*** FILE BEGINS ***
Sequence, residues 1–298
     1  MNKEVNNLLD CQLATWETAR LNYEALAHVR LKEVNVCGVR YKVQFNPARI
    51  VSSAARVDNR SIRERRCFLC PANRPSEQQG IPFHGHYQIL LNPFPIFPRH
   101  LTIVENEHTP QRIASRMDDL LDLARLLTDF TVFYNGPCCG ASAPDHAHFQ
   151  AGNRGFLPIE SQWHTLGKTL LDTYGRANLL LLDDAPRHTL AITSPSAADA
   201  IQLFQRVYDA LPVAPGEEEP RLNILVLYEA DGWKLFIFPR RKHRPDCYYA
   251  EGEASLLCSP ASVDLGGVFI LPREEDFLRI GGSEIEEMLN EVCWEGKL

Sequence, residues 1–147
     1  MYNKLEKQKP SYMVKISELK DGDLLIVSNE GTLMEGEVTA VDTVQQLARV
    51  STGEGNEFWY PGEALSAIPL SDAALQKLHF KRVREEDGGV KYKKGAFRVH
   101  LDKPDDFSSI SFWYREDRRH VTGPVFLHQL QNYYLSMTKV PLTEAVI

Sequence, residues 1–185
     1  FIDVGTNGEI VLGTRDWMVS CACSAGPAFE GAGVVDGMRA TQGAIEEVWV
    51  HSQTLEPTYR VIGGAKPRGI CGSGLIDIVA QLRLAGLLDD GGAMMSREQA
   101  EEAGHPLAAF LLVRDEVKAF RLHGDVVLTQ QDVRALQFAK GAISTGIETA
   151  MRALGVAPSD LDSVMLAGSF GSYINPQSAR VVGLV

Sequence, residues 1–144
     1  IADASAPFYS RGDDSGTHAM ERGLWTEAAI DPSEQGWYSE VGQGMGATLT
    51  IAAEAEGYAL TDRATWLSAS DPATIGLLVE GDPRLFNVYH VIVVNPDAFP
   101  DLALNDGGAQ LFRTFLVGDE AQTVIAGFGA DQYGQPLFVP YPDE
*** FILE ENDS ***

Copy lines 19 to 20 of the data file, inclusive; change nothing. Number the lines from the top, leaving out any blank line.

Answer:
    51  IAAEAEGYAL TDRATWLSAS DPATIGLLVE GDPRLFNVYH VIVVNPDAFP
   101  DLALNDGGAQ LFRTFLVGDE AQTVIAGFGA DQYGQPLFVP YPDE